Had an interesting discusion with the baker at a local restaurant today. He mentioned differing batches of bread in different weather conditions. He said when the Santa Ana winds blow, the humidity drops right out and he has trouble proofing his loaves. Has anyone experimented with humidifiers in their proofing areas?
Weather and Bread
I've had lots of experience with humidity levels affecting both formulas and proof times.
It can be quite humid here in summer, and, even with the AC going, I still have to cut back the hydration of my doughs by as much as 10 per cent to get proper dough consistency.
In winter, even with a humidifier on my gas furnace, I've found that both hydration levels and proofing are adversely affected by the dry air. I bulk ferment in my large kitchen, and I've found it advantageous to put a large pot of water on the stove kept just at the simmer. Even so, bulk fermentation times are increased. Many of my doughs are retarded in the fridge overnight, so that, at least, is one constant in my favour.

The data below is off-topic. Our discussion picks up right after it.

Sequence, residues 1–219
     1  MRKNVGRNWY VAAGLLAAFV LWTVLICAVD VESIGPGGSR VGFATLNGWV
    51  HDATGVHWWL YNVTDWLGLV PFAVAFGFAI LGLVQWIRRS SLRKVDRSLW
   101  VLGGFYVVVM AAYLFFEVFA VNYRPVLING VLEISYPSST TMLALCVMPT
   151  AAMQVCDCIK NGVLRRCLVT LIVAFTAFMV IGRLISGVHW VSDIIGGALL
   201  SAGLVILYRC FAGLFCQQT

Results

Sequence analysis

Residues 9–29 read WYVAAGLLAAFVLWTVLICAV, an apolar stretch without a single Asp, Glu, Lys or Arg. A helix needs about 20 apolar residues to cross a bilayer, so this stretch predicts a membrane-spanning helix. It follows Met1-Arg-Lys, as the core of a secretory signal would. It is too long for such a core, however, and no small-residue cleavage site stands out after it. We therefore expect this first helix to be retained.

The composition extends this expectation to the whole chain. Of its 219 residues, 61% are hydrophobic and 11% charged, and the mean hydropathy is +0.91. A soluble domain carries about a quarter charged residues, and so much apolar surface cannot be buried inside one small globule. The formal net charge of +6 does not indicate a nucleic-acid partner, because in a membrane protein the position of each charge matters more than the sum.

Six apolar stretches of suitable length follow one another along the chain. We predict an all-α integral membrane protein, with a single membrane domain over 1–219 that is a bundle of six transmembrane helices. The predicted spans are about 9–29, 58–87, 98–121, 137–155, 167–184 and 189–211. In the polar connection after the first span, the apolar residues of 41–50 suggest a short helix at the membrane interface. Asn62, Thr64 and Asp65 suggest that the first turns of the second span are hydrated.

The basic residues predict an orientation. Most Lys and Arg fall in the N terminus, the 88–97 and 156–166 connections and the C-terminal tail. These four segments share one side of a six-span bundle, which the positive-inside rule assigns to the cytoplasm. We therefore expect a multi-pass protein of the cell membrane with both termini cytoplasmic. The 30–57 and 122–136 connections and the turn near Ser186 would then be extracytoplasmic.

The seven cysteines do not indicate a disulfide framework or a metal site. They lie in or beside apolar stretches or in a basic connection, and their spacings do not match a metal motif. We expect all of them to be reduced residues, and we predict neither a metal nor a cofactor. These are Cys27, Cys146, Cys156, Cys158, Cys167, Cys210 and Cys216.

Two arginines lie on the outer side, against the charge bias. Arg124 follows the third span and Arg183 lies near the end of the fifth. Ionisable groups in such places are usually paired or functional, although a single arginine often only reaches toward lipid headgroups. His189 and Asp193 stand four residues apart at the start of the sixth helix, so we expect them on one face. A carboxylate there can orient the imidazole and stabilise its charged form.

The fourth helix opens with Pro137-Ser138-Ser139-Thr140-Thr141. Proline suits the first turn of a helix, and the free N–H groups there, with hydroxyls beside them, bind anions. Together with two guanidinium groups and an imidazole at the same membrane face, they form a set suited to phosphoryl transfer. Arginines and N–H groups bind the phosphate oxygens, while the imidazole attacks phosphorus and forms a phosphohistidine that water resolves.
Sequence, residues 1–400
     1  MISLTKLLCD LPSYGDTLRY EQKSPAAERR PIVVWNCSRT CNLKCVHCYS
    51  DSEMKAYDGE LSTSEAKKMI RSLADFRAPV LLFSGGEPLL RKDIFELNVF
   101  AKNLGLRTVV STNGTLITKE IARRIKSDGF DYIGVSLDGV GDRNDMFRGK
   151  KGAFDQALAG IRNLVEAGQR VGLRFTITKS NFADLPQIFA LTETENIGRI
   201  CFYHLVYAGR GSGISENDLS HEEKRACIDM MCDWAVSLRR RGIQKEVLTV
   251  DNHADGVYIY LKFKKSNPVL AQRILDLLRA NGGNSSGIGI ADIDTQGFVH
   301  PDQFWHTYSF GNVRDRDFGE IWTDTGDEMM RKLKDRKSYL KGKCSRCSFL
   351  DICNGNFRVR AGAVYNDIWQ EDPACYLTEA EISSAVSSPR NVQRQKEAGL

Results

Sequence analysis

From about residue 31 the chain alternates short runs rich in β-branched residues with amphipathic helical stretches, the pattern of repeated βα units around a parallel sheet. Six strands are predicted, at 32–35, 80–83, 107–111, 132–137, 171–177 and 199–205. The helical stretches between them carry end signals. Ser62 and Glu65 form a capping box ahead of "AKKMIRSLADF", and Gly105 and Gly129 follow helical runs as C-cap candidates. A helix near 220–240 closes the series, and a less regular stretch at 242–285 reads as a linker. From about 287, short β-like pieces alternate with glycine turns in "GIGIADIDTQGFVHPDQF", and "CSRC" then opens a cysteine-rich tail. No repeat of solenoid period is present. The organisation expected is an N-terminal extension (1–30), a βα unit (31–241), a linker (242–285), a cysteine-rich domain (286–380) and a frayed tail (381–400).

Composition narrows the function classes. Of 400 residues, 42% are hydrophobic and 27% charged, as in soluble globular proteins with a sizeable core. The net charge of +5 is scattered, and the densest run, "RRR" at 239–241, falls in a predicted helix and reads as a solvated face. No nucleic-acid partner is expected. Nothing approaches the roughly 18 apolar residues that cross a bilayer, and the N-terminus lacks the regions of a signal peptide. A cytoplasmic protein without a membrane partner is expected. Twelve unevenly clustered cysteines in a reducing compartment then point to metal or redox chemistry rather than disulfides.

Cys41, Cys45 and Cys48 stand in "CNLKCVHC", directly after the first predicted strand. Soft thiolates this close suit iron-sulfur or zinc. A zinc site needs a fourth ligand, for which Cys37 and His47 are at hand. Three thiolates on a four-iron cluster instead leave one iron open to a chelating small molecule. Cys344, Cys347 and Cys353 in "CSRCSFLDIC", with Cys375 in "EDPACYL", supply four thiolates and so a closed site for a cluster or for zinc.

What you don't want is air so dry that your shaped loaves develop a skin.
Temperature (air, ingredients) is one factor. Humidity level is quite another; both must be factored in as the seasons change.
It's quite possible, and cheap, to build a proof box out of an large, inverted, styrofoam picnic cooler. Stick a termometer probe through the wall, add a 25 watt bulb on a rheostat, put in a pan of hot water, and you're away. How warm the interior is will determine what your proof times will be.
I'm working on this, don't have all the figures yet, but I'll post when I do.
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